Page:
The nature of “healing”

Photo: Dog running on beach.

Ideas about the nature of “healing” are regularly batted around the culture of psychotherapy. The word “transformation” also comes up, which feels sympathetic with a depth psychological perspective, but can also sound somewhat grand and mysterious, although not in the following poem by Stephen Dunn. I like how Dunn highlights the resistance to change that is a regular part of psychotherapy, along with the felt sense of being on the other side, after the transformation, when we can see we have “healed.”

WHERE HE FOUND HIMSELF

The new man unfolded a map and pointed

to a dark spot on it. “See, that’s how

far away I feel all the time, right here,

among all of you,” he said.

“Yes,” John the gentle mule replied,

“alienation is clearly your happiness.”

But the group leader interrupted,

“Now, now, let’s hear him out,

let’s try to be fair.” The new man felt

the familiar comfort of everyone against him.

He went on about the stupidities

of love, life itself as one long foreclosure,

until another man said, “I was a hog,

a terrible hog, and now I’m a llama.”

To which another added, “and me, I was a wolf.

Now children walk up to me, unafraid.”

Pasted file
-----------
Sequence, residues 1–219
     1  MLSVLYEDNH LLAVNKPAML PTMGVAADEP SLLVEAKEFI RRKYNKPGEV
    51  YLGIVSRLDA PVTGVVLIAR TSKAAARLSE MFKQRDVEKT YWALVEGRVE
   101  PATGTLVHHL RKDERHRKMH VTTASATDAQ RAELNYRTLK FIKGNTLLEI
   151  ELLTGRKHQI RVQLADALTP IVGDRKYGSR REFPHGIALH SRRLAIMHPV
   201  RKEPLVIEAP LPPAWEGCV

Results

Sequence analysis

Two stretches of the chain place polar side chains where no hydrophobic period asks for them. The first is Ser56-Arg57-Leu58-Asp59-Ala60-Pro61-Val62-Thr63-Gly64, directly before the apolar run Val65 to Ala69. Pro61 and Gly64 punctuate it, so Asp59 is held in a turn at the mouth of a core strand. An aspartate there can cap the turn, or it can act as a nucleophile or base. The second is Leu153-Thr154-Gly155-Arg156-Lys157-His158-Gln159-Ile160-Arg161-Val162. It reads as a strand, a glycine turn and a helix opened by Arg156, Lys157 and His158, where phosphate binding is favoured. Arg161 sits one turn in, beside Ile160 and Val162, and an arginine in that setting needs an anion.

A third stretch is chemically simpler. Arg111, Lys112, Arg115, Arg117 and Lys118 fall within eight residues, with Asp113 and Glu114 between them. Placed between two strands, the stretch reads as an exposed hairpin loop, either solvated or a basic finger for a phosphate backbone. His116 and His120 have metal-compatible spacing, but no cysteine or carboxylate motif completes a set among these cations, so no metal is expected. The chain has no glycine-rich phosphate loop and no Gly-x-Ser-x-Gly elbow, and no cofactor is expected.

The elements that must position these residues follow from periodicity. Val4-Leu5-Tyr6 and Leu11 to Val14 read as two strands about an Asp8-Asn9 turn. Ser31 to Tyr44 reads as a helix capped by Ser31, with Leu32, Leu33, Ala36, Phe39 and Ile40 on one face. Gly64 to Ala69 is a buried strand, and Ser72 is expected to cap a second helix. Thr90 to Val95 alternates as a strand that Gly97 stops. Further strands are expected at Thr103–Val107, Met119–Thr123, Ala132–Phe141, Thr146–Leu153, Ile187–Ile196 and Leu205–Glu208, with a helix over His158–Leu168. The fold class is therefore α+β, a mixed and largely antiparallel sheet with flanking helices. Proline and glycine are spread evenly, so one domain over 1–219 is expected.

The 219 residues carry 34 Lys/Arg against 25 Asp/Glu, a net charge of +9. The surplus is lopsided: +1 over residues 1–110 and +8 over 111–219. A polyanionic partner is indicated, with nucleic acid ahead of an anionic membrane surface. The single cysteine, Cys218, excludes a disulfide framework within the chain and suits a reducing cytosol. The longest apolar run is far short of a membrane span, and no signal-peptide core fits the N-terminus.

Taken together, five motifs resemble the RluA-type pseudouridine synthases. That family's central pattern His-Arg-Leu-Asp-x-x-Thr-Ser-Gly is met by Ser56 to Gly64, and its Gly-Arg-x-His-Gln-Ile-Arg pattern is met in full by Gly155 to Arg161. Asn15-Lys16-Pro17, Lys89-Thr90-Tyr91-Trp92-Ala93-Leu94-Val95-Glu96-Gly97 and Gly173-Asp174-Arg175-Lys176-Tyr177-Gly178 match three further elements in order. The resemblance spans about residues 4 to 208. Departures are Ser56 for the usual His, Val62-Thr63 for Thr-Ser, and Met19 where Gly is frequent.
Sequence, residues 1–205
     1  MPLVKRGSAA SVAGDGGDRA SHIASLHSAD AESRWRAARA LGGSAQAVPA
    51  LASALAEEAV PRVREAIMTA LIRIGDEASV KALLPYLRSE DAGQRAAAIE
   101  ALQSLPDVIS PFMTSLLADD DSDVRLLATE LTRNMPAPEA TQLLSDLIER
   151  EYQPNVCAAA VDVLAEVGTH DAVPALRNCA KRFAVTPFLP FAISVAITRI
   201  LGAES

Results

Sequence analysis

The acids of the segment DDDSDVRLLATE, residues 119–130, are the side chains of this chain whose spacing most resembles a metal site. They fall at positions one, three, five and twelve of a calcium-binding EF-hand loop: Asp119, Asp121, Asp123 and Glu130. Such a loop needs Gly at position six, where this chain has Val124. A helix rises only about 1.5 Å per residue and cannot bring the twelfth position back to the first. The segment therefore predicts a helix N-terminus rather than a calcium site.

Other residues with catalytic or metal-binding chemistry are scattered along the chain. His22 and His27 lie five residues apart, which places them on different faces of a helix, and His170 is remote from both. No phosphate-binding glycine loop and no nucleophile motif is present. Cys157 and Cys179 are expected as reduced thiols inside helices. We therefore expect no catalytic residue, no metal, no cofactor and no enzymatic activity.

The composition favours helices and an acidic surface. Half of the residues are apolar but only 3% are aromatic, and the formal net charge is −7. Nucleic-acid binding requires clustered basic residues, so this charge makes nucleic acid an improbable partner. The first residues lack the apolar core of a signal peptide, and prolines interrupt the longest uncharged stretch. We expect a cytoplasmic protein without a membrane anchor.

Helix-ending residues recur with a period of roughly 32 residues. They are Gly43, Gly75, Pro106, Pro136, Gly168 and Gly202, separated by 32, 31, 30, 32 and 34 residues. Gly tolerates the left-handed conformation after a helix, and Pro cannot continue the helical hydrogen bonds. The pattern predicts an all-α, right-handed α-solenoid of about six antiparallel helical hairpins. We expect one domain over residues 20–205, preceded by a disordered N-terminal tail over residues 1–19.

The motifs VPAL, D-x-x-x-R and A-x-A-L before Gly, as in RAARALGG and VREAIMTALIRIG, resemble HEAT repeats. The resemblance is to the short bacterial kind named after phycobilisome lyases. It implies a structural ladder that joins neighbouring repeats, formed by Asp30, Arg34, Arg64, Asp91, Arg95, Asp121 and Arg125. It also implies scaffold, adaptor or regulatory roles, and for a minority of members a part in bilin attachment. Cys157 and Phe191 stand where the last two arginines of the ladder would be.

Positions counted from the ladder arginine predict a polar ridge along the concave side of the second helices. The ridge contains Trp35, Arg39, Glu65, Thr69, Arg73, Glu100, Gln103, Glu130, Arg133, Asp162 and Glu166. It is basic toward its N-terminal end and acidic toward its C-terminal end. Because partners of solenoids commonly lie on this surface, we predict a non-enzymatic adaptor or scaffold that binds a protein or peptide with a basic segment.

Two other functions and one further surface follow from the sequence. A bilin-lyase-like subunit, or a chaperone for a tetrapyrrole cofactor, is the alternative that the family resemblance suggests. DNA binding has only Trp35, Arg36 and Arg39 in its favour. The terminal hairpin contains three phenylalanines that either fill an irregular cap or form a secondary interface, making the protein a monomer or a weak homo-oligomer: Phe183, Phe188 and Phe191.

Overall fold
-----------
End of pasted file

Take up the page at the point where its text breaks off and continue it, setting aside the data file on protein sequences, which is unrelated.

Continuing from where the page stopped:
The group leader asked the new man,

“What kind of animal have you been?”

“A rat that wants to remain a rat,” he said,

and the group began to soften

as they remembered their own early days,

the pain before the transformation.

—Stephen Dunn, Everything Else in the World

“Healing,” “transformation,” whatever we call it, can be profound or subtle. Sometimes it’s a small shift in how one is in the world or how one sees oneself. That’s all that’s needed to right that feeling of somehow being all wrong (or wronged). But sometimes a big change is required, like a hog turning into a llama. When this happens, there is usually a need to drop well-honed “human” defenses — the stonewalling, the addictions, the slick arguments, the sly manipulations and passive aggressions — and trust the need for love and play that resides in all of us…and simply let go.

Pain is an inevitable part of the journey. The pain lasts the longest when we resist acknowledging to ourselves that the best we can do is get out of our own way. The reward is great when we finally stop defending against pain. We become more human, more compassionate with ourselves and others.

Reference

Dunn, Stephen. 2008. Everything Else in the World. New York: W. W. Norton & Co.

© 2012 Laura K Kerr, PhD. All rights reserved (applies to writing and photography). [Revised & reposted]